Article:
School gardening becomes more popular in the United States
School gardening became very popular during the coronavirus health crisis, with families and teachers saying its hands-on lessons can be used to teach many subjects.
Finding the money to support a school garden can be difficult. Some experts and teachers, however, are finding creative ways to make it work.
Susan Hobart is a retiree elementary teacher at Lake View Elementary School in Madison, Wisconsin
She oversees the school’s large garden with 12 raised beds.
âGardens are a great way to get children out with a specific purpose. With gardens, children see a beginning, a middle and an end to their project, with tangible results, âshe said.
Tangible means easily visible or recognizable.
Hobart added that the gardens help to calm ‘children and give them a whole different perspective they wouldn’t have just been sitting at their desks.
Each spring, the school program grows plant seedlings through a training program at a nearby prison. A religious group comes during spring break to prepare the garden for the return of the children. During the summer, a volunteer takes care of the garden.
âIf we were to buy the plants, they would cost $ 3 each and we could never afford it,â says Hobart.
“If you take a look at your connections and the community around you, then at all the larger networks, there are many creative ways to find help.”
Toby Adams runs the Edible Academy at the New York Botanical Garden, where school children learn how to grow food.
Adams said interest in school gardens increased after Michelle Obama planted a garden at the White House and invited school children to help. Adams added that there has been another surge in interest since the onset of the coronavirus health crisis.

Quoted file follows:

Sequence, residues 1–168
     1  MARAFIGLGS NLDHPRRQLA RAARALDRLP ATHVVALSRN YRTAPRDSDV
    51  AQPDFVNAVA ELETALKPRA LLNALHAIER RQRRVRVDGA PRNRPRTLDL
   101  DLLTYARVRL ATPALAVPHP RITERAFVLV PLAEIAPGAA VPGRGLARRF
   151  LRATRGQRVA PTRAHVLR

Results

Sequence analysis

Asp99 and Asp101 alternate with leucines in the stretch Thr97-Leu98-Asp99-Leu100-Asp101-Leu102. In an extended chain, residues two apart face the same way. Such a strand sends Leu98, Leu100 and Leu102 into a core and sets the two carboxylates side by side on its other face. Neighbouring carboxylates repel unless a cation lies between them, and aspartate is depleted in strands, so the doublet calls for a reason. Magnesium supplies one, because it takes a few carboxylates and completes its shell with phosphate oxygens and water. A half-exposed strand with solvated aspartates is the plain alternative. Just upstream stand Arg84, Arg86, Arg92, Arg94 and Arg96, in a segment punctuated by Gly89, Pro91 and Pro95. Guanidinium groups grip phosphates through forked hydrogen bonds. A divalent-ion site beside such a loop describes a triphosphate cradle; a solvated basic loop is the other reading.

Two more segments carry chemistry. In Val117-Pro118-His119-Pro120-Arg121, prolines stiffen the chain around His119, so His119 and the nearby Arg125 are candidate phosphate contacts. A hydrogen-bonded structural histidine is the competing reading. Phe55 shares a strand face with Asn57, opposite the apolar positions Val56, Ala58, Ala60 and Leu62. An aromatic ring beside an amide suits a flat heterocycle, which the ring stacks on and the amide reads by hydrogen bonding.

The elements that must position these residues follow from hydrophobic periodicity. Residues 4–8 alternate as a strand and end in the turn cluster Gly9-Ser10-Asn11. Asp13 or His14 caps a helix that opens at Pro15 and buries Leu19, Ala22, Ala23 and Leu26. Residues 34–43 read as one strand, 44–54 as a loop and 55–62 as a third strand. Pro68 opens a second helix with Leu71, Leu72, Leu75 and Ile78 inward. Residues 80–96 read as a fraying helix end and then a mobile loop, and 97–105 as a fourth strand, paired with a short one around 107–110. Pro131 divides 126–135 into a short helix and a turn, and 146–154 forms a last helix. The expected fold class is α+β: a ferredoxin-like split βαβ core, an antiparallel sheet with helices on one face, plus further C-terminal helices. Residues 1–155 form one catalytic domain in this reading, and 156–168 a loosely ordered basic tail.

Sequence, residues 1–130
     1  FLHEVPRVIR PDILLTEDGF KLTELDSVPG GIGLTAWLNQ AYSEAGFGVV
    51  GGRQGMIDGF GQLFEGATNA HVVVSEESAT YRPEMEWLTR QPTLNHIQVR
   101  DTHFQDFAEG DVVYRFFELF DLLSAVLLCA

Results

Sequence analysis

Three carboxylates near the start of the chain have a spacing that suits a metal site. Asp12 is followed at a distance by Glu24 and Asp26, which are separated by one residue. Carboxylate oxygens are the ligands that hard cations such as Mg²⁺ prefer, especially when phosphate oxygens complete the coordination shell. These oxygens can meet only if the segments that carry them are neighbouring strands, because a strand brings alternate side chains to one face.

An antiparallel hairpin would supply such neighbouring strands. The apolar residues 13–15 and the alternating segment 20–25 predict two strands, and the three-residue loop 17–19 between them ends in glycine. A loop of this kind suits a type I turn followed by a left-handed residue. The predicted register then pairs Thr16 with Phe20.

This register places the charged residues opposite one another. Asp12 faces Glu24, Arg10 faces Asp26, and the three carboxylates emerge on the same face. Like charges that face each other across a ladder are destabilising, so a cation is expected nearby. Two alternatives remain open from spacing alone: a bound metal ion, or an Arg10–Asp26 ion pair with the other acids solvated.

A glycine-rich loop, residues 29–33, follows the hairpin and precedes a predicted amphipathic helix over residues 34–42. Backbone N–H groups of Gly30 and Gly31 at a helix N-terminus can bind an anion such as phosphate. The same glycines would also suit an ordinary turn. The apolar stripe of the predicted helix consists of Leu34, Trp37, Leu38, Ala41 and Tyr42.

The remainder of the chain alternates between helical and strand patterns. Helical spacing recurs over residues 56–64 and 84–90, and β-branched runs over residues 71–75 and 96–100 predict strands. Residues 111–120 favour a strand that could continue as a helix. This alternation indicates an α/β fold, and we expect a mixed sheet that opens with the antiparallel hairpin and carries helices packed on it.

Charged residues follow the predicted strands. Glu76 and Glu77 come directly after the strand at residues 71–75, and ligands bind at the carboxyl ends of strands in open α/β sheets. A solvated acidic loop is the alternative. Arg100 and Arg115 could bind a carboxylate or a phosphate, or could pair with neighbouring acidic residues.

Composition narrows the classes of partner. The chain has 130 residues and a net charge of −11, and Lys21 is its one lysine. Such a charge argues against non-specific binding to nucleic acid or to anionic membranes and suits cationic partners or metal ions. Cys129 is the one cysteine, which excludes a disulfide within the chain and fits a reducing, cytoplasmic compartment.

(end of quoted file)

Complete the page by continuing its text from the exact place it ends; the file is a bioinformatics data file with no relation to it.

School gardens can teach classes in health, science, social studies, and even the arts.
“Give children the opportunity to go out, get their hands dirty and find toward, especially if their teachers are enthusiastic about it – it’s huge, âAdams said.
For schools with no space, even for a small garden, looking to botanical gardens and local parks can sometimes be the solution.
âWe’re located in the Bronx, which is basically six story wall-to-wall apartments. âSpace is limited and vandalism, and it’s hard to find a good place to gather 30 kids, let alone issues like access to water, âsays Adams.
Adams said the gardens don’t have to take up a large area outside. âIt could be a container garden … there are all kinds of gardens and ways to operate,â he said.
Ron Finley supports the teaching of seeds and cultivation to the children of the city. His non-profit Ron Finley project aims to ‘change the culture around food’.
Finley remembers being amazed as a child when he saw how “a seed … is destroyed to become food”.
âHaving a garden in a school is just as important as any other education,â says Finley.
Finley used the term reverence, or honor or respect that is shown, when talking about gardening.
âThe act of gardening teaches you where our food source comes from and teaches you to respect the soil. If children have a reverence for the soil, they have a reverence for themselves and respect for this planet … Gardening is not a hobby, it’s a life skill. I see this as one of the most valuable lessons of mankind. ”
I am John Russell.
Katherine Roth reported on this story for The Associated Press. John Russell adapted it for Learning English. Susan Shand was the editor.
Words in this story
elementary – adj. of or relating to primary school; concerning or teaching the basic subjects of education
perspective – not. a way of thinking and understanding something (such as a particular problem or life in general)
Earthworm – not. a long, slender animal that has a soft body without legs or bones and often lives in the ground
vandalism – not. deliberately destroying or damaging property
hobby – not. an activity that a person does for fun when not working